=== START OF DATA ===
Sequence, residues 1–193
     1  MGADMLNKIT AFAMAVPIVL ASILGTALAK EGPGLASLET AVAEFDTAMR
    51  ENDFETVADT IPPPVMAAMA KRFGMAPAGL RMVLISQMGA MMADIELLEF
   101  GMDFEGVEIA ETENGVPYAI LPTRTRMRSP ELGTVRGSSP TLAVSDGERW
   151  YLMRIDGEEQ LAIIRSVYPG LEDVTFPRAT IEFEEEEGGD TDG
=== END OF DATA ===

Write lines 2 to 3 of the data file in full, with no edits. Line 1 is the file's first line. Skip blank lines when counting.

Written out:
     1  MGADMLNKIT AFAMAVPIVL ASILGTALAK EGPGLASLET AVAEFDTAMR
    51  ENDFETVADT IPPPVMAAMA KRFGMAPAGL RMVLISQMGA MMADIELLEF